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At least 23 killed in Mexico City subway accident

By | May 4, 2021

Elevated portion of line collapses, sending crowded train to street below

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Map of Mexico City Metro
Map of Mexico City Metro
The Mexico City Metro system. Monday’s accident occurred near the Olivos station, close to the southwestern end of Line 12. (Mexico City Metro)

MEXICO CITY — At least 23 people have been killed in a subway accident late Monday. The New York Times reports an overpass collapsed on an elevated portion of the rapid transit system’s Line 12 about 10:30 p.m. on Monday, sending some cars of a train plunging to the ground while leaving at least two others hanging from portions of the elevated right-of-way. At least 70 people have been hospitalized, with at least seven of those in serious condition, according to the BBC.

A brief video clip from security cameras shows the moment the accident occurred near the Olivos station, on the southeasternmost portion of Mexico City’s Metro. Line 12 of the Metro, North America’s second largest subway system after that of New York, opened in 2012. Local residents had reportedly expressed concerns about cracks along the elevated line after a 2017 earthquake.

— Updated at 7:55 a.m. to correct time of accident to 10:30 p.m.

6 thoughts on “At least 23 killed in Mexico City subway accident

  1. A tragic situation. As a railroad bridge engineer it is a stark reminder of our obligation to protect the public welfare.

    1. Mr Schierloh I was watching some news this afternoon an video showed bridge columns with an inverted T on top for the beams to set on. But the concrete beams were notched so only about half of the beam was siting on the shelf. Most of the bridges that I have driven under the whole beams sits on the shelf. Wouldn’t that weaken the beam and not have all it’s strength being used for support? Just my thinking.

      1. Walter – There may be several reasons why the beam configuration is the way it is on the Mexico City system. If I had to guess it has something to do with the vertical clearance between the roadway and the underside of the pier caps that cantilever out over the roadway. There may be some earthquake considerations as well. In both cases I am speculating. I prefer to avoid coped beam ends and instead use full depth beams as you mention, but nonetheless detail is allowed.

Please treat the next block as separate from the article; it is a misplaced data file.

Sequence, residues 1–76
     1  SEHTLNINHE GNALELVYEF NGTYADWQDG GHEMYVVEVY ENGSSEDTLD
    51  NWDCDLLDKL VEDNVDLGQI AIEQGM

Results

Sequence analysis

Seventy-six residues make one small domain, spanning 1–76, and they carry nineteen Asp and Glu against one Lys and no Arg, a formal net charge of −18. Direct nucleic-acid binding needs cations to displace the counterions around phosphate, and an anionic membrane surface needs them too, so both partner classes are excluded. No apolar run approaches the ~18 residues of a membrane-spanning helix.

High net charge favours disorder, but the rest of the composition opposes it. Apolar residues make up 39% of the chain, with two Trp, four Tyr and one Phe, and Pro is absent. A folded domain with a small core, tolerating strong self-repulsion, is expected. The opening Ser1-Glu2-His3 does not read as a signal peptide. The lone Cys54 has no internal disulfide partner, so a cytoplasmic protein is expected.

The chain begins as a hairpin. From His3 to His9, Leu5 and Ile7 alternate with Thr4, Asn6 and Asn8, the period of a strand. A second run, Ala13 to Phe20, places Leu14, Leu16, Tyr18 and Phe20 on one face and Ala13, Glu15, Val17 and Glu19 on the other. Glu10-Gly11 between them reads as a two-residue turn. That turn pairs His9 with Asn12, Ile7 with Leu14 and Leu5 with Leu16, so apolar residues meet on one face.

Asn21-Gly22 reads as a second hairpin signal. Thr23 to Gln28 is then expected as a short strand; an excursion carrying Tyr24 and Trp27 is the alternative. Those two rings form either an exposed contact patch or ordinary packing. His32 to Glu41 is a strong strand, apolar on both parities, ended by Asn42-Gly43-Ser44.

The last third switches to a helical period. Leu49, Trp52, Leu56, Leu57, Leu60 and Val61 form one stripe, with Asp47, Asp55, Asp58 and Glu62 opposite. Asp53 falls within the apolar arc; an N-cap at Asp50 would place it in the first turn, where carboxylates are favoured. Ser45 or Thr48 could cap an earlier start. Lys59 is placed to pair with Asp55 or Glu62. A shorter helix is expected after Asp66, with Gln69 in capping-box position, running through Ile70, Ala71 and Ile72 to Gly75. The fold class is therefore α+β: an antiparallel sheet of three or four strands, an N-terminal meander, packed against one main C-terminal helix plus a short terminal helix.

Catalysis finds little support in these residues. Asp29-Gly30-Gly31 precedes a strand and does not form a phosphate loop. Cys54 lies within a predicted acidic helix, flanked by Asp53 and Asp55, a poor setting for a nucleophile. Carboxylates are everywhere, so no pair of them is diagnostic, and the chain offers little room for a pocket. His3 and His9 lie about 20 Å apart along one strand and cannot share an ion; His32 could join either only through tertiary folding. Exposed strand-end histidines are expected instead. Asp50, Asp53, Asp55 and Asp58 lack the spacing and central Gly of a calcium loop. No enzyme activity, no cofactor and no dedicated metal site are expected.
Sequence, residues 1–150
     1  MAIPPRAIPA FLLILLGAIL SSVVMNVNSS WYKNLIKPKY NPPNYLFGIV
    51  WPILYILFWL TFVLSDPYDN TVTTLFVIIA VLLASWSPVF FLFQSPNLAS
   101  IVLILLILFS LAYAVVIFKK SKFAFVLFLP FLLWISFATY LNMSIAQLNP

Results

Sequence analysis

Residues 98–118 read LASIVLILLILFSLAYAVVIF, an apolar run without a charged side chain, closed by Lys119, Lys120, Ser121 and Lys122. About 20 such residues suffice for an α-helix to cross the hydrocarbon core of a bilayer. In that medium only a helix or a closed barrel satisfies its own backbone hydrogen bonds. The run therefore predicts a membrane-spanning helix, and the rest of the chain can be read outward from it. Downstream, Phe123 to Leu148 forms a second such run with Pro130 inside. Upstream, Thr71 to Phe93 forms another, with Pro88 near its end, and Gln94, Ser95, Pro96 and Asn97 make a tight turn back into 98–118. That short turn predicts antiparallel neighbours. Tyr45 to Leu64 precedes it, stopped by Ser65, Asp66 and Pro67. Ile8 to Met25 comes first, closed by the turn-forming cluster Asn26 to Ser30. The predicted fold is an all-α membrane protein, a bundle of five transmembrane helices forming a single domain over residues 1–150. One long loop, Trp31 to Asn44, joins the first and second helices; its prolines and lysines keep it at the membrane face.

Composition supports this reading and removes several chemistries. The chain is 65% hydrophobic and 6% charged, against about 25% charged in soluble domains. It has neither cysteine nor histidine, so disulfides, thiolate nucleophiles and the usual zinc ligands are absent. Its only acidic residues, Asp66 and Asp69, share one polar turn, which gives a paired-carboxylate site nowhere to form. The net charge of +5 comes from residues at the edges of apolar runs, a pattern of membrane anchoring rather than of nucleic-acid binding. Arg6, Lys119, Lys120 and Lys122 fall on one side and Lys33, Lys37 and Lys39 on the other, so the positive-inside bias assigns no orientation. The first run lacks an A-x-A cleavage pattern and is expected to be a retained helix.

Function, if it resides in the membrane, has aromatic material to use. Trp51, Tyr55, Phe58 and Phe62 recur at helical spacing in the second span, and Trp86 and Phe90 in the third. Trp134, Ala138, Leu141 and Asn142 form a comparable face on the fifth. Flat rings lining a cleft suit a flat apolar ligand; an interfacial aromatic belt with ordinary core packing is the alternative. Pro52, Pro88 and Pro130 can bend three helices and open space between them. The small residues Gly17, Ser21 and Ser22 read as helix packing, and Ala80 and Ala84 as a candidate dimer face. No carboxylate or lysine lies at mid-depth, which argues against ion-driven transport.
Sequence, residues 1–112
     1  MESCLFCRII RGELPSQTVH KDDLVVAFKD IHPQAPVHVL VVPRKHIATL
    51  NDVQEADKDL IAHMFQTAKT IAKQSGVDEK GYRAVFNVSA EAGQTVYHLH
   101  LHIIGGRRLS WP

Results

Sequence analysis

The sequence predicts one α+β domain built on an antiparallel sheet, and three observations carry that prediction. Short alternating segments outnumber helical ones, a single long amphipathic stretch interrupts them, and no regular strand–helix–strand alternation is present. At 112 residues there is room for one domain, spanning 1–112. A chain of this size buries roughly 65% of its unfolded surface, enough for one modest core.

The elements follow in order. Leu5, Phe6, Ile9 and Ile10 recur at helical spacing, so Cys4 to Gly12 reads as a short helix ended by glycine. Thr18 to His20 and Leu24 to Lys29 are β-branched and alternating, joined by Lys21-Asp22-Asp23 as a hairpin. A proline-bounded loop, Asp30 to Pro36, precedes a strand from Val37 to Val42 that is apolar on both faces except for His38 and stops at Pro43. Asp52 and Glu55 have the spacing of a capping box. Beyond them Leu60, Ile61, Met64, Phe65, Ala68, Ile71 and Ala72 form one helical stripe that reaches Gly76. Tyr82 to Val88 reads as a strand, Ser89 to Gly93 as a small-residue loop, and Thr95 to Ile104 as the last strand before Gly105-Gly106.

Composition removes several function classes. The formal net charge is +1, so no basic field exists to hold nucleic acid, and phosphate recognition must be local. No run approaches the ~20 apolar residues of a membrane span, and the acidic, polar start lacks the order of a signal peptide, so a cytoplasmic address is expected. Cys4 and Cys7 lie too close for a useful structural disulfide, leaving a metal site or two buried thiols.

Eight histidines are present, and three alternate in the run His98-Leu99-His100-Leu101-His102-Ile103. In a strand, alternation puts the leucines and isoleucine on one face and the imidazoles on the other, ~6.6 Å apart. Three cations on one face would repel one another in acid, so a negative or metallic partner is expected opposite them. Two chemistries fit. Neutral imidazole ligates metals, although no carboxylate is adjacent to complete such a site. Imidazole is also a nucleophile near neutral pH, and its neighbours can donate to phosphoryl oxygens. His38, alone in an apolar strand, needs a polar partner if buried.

That said, watching the video it appears that the failure initiates in the middle of the span, so the design of the pier cap and beam end may have nothing to do with span failure. Pure speculation on my part, but my first inclination would be to investigate the mid-span connection between the one of the main beams and a smaller auxiliary beam that supports the diverging track on top of the span. This connection is unique to this span because a track switch is located on this span, and the connection is located near the area where the video shows the failure initiating. Perhaps recent earthquakes damaged this portion of span, or maybe there is weld detail that promoted premature cracking in a manner similar to the Hoan Bridge in Milwaukee? At this point no one can say for certain.

  2. I believe the Mexico City system uses rubber-tire vehicles, probably not a factor at all here, but this is not a traditional steel wheel vehicle.

  3. WALTER – What you describe is possible, depending (obviously) on a number of factors, including how stiffly connected the bridge beams are to the deck above.

  4. The article’s first paragraph says Olivos station is near the southwest terminus of Line 12. The map shows Olivos near the south*east* terminus.

    Kalmbach’s proofreaders come through again. [/sarc]

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